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Will Minnesotans Split Their Ticket in November?

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Three polls released inside of the last two weeks by the Star Tribune, Humphrey Institute, and Minnesota Public Radio all show DFL US Senate candidate Amy Klobuchar with a significant, double-digit lead over GOP nominee Mark Kennedy. These three polls also show DFL gubernatorial candidate Mike Hatch running neck and neck with Republican Governor Tim Pawlenty.

One reason Pawlenty may be running comparatively strong in his statewide race compared to Kennedy is, of course, the incumbency advantage that he enjoys. However, incumbency aside, it should not come as a surprise that Minnesotans may split their vote come this November.

In half of the eight elections since 1960 in which both gubernatorial and US Senate races were on the ballot, Minnesotans collectively split their ticket—electing one republican and one DFL candidate to these offices four times.

In 1960, 1966, and 1990, the state elected Republican governors (Elmer Andersen, Harold LeVander, Arne Carlson) and DFL senators (Hubert Humphrey, Walter Mondale, Paul Wellstone). In 1982, Minnesotans elected DFL Governor Rudy Perpich and GOP Senator Dave Durenberger.

While a lot can change in the next six weeks, 2006 may yet be another year in which the state elects a republican governor and a DFL senator. The Kennedy campaign will not be heartened by this news, but the Pawlenty camp should by now realize the state's schizophrenic political history offers him enough wiggle room to give him a strong chance at keeping his job in St. Paul.

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Remains of the Data

Plurality-Winning Governors Elected At Century-Long High Water Mark

The rate of gubernatorial candidates elected without the support of a majority of voters is at its highest level since the 1910s.

Political Crumbs

Seeing Red

Congressman Nick Rahall's failed bid for a 20th term in West Virginia this cycle, combined with a narrow loss by Nick Casey to Alex Mooney in Shelley Moore Capito's open seat, means that West Virginia Democrats will be shut out of the state's U.S. House delegation for the first time in over 90 years. The Republican sweep by two-term incumbent David McKinley in the 1st CD, Mooney in the 2nd, and Evan Jenkins over Rahall in the 3rd marks the first time the GOP has held all seats in the chamber from West Virginia since the Election of 1920. During the 67th Congress (1921-1923) all six seats from the state were controlled by the GOP. Since the Election of 1922, Democrats have won 76 percent of all U.S. House elections in the Mountain State - capturing 172 seats compared to 54 for the GOP.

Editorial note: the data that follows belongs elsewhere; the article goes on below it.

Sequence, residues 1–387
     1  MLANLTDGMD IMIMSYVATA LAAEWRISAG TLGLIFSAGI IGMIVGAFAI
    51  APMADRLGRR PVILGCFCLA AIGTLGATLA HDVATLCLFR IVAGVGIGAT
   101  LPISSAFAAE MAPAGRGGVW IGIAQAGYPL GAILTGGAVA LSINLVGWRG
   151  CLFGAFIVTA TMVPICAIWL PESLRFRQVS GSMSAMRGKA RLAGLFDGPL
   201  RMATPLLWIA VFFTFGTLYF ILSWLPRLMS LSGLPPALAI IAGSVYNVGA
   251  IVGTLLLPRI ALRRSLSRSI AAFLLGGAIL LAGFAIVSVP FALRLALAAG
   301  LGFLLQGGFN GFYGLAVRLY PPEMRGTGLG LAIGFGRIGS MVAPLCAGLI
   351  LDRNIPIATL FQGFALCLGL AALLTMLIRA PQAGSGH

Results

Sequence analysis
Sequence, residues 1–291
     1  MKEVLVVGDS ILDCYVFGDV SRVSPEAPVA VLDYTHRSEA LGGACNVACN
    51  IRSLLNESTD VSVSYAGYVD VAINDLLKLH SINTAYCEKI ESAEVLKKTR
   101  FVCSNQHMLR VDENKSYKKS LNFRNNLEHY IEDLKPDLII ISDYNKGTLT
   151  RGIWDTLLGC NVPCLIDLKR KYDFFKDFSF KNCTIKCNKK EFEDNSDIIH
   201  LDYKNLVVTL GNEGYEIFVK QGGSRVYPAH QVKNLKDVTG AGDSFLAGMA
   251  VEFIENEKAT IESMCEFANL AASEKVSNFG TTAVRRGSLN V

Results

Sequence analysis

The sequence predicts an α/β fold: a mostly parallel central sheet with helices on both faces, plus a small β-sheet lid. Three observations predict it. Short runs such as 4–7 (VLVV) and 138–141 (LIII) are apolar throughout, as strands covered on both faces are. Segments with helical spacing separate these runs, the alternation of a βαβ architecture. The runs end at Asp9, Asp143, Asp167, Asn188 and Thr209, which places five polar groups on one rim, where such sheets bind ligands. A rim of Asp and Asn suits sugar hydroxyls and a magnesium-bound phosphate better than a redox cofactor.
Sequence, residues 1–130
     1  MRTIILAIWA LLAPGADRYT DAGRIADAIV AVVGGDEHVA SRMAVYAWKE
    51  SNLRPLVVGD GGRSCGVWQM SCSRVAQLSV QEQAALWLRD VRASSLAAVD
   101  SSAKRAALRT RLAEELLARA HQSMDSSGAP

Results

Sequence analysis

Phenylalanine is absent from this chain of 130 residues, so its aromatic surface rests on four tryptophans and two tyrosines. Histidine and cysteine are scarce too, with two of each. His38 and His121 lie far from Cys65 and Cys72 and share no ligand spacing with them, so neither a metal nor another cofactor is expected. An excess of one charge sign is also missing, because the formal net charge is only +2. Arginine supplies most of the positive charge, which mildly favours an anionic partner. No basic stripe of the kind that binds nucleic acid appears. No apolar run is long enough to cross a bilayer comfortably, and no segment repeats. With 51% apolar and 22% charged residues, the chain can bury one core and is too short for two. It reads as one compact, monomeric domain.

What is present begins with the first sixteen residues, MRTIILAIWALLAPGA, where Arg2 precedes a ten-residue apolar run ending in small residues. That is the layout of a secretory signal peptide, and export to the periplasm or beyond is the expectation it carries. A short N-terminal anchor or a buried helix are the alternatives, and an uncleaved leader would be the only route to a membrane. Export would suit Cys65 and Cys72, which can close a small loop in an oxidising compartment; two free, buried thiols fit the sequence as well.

Home Field Advantage?

When the 114th Congress convenes in a few days, Maine will be represented by one home-grown U.S. Representative: Waterville-born Republican Bruce Poliquin. With the departure of Millinocket-born Mike Michaud, who launched a failed gubernatorial bid, the Pine Tree State was poised to send a House delegation to D.C. without any Maine-born members for the first time since 1821. Three-term U.S. Rep. Chellie Pingree (born in Minnesota) coasted to reelection as expected, however Poliquin edged Kentucky-born Emily Cain by 5.3 points to keep the streak alive. Since 1876, a total of 208 of the 222 candidates elected to the nation's lower legislative chamber from the state have been born in Maine, or 94 percent.


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